How does diet relate to stroke

By | October 23, 2020

how does diet relate to stroke

Some people choose to follow specific diets to improve their health. You might choose a particular diet because of your medical history, cultural background or personal preferences. Or your healthcare provider might suggest a specific diet to address a medical condition or concern. In a 2, calorie-a-day diet, that is the equivalent of 48 grams or 12 teaspoons of sugar. Added sugar offers no nutritional value. Fill a half of your plate with vegetables and fruit; a quarter with protein foods and a quarter with whole grains. It involves eating a diet rich in vegetables, fruit, low-fat dairy, fish, poultry and beans. Learn more. Why vegetarian? Cutting out saturated fats that are found in meat can help lower your cholesterol, maintain your weight and improve your health. Becoming a vegetarian is not easy; it is important to make sure you still get all the necessary nutrients from plant foods.

Schwartz, and K. A lower stroke mortality rate has been found with higher potassium intake, and higher stroke rate with low daily potassium consumption. You might choose a particular diet because of your medical history, cultural background or personal preferences. Stroke is dangerous and deadly — the No. Excess salt intake might increase cardiovascular and stroke risks by increasing blood pressure and causing fibrosis in the heart, kidneys, and arteries tissue. However, most adults do not consume enough potassium. Lower your blood pressure.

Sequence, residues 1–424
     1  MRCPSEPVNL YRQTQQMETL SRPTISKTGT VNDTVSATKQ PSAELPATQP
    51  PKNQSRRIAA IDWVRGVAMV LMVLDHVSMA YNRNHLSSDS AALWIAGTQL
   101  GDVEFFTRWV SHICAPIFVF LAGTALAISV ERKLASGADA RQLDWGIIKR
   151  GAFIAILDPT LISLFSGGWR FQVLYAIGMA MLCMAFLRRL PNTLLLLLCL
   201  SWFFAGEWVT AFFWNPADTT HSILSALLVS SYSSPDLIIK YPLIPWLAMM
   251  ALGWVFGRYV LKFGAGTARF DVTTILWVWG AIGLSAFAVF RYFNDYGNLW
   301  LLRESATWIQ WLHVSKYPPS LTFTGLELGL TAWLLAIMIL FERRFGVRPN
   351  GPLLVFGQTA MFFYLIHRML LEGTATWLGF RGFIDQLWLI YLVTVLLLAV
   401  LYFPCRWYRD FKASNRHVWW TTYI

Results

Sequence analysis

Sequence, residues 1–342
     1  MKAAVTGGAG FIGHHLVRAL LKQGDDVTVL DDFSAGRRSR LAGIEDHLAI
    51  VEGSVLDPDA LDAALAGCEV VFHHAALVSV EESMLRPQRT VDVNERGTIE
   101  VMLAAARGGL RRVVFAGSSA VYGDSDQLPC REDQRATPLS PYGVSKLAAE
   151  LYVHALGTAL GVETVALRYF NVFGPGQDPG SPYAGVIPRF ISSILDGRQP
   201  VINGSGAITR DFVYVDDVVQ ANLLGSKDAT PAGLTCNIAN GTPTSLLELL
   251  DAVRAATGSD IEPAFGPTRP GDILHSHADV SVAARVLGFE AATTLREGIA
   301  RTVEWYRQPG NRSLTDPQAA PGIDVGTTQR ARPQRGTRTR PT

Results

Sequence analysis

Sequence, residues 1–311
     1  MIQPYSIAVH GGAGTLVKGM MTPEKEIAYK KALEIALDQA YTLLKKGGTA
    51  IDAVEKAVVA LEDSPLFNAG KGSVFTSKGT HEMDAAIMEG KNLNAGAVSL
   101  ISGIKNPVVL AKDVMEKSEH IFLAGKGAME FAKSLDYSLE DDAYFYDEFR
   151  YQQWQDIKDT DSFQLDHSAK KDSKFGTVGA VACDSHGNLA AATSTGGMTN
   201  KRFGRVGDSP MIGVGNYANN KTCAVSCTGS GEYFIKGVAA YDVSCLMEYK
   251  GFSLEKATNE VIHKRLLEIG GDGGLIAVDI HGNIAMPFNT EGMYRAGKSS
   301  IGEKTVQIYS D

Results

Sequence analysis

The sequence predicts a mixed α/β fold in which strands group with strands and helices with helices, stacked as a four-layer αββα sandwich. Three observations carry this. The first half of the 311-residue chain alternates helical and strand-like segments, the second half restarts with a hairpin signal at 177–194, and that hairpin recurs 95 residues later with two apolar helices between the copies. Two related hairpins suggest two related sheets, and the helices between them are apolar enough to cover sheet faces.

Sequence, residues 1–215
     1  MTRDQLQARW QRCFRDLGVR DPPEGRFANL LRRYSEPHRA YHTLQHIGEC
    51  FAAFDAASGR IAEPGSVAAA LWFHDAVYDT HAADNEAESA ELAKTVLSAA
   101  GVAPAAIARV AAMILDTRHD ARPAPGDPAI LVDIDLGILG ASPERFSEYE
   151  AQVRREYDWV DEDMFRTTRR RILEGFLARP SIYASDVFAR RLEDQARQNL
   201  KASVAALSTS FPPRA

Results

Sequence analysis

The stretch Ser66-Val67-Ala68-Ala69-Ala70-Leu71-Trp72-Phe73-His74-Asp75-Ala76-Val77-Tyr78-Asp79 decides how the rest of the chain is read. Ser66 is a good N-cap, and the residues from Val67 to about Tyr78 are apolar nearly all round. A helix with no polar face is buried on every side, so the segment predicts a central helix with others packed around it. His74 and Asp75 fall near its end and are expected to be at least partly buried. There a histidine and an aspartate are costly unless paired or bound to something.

Diet relate stroke how does to

The phenolic compounds in coffee possess antioxidant capacity and can inhibit the oxidative modification of low-density lipoprotein [ 22 ] and may also have effects on serum cholesterol and homocysteine concentrations, oxidation, and inflammation [ 23 ]. Papamichael, K. Larssonand and N. Salt intake, stroke, and cardiovascular disease: Meta-analysis of prospective studies. By law, most foods must have nutritional information listed in a standard way. A diet rich in whole grains, fruits, and vegetables may help reduce body weight and provide adequate amounts of flavonoids, carotenoids, minerals, and trace elements, which can help to reduce chronic disease risk and stroke.

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